By Usman El-Amin
FOR an economy in recession, the World Pension Summit ‘Africa Special’ (WPS-AS), which kicks off in Abuja in a matter of days, is a veritable platform to strengthen African pensions industries, but an opportunity to strengthen the faith of investors in our economy and build partnerships to stimulate the economy. The theme of the summit is “Pension Innovations: The African Perspective.”
The WPS-AS, an annual specialized summit, was hosted by Nigeria and indeed Africa for the first time in July 2014 on the fringes of the 10th anniversary of Pension Reforms in Nigeria, thanks to the innovative and proactive leadership of the National Pension Commission.
Meanwhile, this year’s Africa Special Summit also heralds the 7th World Pension Summit on managing rising risks, which holds in the Netherlands in November this year. A statement by the WPS Chairman, Harry Smorenberg, says “Key risks are on the rise; along with new economic realities and a rapid investment climate, Pension Funds and insurers have to rethink their strategies to secure adequacy, sustainability and integrity for their participants”. He could not have put it better.
For Nigeria, the official pronouncement by the National Bureau of Statistics (NBS) that Nigeria’s economy has gone into recession, for the first time in over 25 years is bad news and risk. Experts warn that the country could slide into full depression if urgent steps are not taken to address this situation. President Muhammadu Buhari has lifted the spirit of the nation in his Eid-el -Kabir message by assuring that his administration was to re-launch the nation on the path to economic recovery.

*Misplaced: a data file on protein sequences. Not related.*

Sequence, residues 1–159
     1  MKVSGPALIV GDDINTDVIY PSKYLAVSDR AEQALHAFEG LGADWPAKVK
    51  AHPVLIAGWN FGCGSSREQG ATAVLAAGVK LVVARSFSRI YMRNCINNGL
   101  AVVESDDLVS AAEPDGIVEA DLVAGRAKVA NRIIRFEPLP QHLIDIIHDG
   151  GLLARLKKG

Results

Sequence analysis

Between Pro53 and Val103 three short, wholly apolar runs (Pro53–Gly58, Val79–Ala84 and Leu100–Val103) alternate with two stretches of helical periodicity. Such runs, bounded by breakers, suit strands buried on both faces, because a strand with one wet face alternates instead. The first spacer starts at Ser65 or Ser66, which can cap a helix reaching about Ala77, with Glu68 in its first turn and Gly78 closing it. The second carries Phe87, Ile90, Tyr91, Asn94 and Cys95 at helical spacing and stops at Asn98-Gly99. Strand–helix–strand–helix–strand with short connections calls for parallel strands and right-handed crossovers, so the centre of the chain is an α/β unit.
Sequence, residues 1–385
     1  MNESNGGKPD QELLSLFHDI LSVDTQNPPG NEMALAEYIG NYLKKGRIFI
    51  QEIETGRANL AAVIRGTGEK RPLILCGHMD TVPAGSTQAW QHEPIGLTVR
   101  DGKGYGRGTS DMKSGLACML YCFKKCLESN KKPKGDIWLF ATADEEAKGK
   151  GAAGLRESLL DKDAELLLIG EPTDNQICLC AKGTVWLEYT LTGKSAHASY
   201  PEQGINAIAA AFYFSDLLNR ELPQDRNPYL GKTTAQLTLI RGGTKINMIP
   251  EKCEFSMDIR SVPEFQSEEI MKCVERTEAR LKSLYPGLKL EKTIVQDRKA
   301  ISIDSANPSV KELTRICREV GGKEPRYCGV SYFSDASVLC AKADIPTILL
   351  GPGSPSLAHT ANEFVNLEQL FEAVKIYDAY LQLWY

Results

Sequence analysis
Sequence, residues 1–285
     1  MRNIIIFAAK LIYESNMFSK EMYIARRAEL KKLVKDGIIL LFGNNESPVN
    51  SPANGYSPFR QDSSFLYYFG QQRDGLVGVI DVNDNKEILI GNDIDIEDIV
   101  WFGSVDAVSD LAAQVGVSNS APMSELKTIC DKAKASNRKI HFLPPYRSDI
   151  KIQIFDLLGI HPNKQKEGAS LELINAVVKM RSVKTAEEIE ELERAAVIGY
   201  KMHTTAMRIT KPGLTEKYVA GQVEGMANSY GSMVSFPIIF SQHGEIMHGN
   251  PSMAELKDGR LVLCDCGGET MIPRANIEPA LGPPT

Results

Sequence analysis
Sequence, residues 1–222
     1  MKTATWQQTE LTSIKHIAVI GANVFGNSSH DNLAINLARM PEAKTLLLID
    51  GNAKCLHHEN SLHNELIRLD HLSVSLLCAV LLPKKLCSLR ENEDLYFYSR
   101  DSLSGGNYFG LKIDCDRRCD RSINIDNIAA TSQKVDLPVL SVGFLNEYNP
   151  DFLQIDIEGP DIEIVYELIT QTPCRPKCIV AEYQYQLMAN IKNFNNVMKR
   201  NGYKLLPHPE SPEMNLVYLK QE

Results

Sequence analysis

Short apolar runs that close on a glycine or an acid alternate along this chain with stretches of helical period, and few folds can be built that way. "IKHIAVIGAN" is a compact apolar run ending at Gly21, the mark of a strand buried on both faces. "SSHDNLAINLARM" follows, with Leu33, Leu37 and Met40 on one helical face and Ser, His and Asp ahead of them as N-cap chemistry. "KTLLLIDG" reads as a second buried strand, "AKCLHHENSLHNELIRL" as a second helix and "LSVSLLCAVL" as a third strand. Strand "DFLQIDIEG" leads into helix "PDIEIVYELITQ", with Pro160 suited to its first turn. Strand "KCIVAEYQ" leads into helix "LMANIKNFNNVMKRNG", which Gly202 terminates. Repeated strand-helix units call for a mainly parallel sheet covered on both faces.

Therefore, the Africa Pension Summit could not have come at a better time. The 2016 Pension Summit, like the 2014 and 2015 editions, will bring together more 500 professionals, government functionaries, and policy makers, pension fund administrators, and investors, among others, from more than 45 countries across the continents. It is cheering that foreign professionals and investors are coming into Nigeria on this platform at a time those on ground are said to be leaving the country. It, therefore, presents an opportunity for the government to inspire the confidence of Nigerians and foreign investors in our economy so as to attract more partnerships and investments towards infrastructural development.
The WPS-AS provides a great platform for exchange of ideas, especially for Nigeria, on how to further secure pension assets, tighten compliance, and move the country forward through the investment of pension funds in infrastructure and other critical sectors of the economy.
Following the recession, the government needs to urgently spend more on infrastructure to bridge the infrastructural gap, forestall a full-blown depression, and push for economic recovery. PENCOM has said it plans to invest 40 percent (about 2.32 trillion) of the pension funds in infrastructure and sustainable investments such as railways, power, agriculture and real estate, by 2019 as part of its five-year strategy to enhance inclusive growth and generate better value for contributors. This will help stimulate the nation’s economic development, job creation, and economic sustenance.
PENCOM’s stringent regulation has ensured a robust growth of the pension funds from about 2 trillion deficits over the years to about N5.8 trillion as at July, 2016 such that both local and foreign PFA’s are scrambling to either invest in or buy over the Pension Fund Administrators (PFA’s). Thus, in spite of the recession, pension funds are growing in geometric progression and foreign investor’s interests in our pension system is expanding.